Cold weather is here and provides a great opportunity to learn more about preparing for winter weather catastrophes and those freezing deployment calls. Adjusters know winter months are notorious for bringing severe weather to our communities. Deployments to a winter weather disaster zone can be tricky or even frightening. Now is the time to make sure you’re prepared to deploy with your documents, tools, and supplies. Check out these tips to help you get ready for those winter deployments.
Pack a go-bag with all the essentials you may need including a battery-powered weather radio, paper maps in case you lose your cell signal, blankets, non-perishable foods, and water in the event you are confined to your vehicle. Have cash on hand in preparation for when card machines are down or there is a power outage. Having a go-bag will help make sure everything is maintained, accounted for, and have you ready to go in a moment’s notice. This avoids scrambling for essentials at the last minute.
Let someone know where you will be if you’re traveling solo and check in regularly since conditions may be a little bit different than what you’re used to navigating. Keeping someone informed of your location would be beneficial in an emergency where your building or vehicle gets snowed-in. It could be as simple as sharing your geographical location with someone you trust during your winter deployment.
This tends to be one of those personal components of a deployment we do not actively acknowledge. It’s especially important you take time before your deployment to prepare mentally for the journey you are about to go on. You never know what you may encounter on a deployment: disruptions in your inspection schedule, power outages, hard-to-navigate roads. Moreover, there’s an emotional aspect to our duty including interviewing people who have lost their property and possibly their loved ones. Practice active breathing techniques to help you process before, during, and after a deployment.
Make sure all your licenses are current including CE credits and appointments. Don’t miss a deployment due to licensing issues! You cannot always rely on emergency licensing and many times they’re not issued immediately or at all in some cases. If you live in a non-licensing state, consider getting a license from a state that issues a Designated Home State License. Florida andTexas are both good choices. Note that different states require different types of licenses and have different sets of rules. For example, if you are a Texas resident and you earn your Texas All-Lines Adjuster License, you’ll be licensed for deployments in the 16 states that don’t have state-specific licensing programs.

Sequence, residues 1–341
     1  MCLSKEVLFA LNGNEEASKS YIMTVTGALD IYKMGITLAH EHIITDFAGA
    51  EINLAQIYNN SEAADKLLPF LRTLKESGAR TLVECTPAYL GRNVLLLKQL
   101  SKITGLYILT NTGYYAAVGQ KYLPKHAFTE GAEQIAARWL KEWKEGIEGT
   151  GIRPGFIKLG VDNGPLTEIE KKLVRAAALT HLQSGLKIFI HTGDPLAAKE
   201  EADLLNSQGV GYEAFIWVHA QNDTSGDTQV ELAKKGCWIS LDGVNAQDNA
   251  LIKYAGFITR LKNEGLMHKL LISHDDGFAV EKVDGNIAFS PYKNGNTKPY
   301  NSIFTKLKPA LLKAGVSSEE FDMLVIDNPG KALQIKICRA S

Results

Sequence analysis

At CNC we continue to add clients to our winter claims business. Be sure and keep CNC up-to-date on your current licenses, certifications, and contact information.
Make sure your vehicle maintenance is up-to-date including all scheduled maintenance, oil, fluids, tires, A/C, etc. You will spend a considerable amount of your deployment in your vehicle and if it’s not working neither are you. Stock your vehicle with bottled water and snacks. While deployed, be sure to keep your fuel topped off. Fuel is often in short supply immediately after a catastrophe event, so remember to fill up whenever you can. The last thing you need is to run out of gas in bumper-to-bumper traffic.
Clothing is often overlooked. You want to prepare for winter weather and make sure you have warm clothing and outerwear. Working in the cold can be uncomfortable. Be sure your CAT clothing fits, is in good condition, and is free of stains and holes. It’s essential you look professional in the field. Be sure you have enough clothing available to get by for a week to ten days between washings. Do not forget foul weather gear.
When traveling during a deployment, make sure to have your license card, FCN card, and a valid driver’s license on you at all times. It is best if all your licenses and identification display your name and address consistently. These documents may be essential in gaining access to disaster-stricken areas.
There are many components to adjusting especially during winter deployment. Preparation is key and can pave the road for a smooth winter deployment and the capability to adapt when roadblocks arise. Contact our HR team for more information about how to prepare for deployments: email@example.com.
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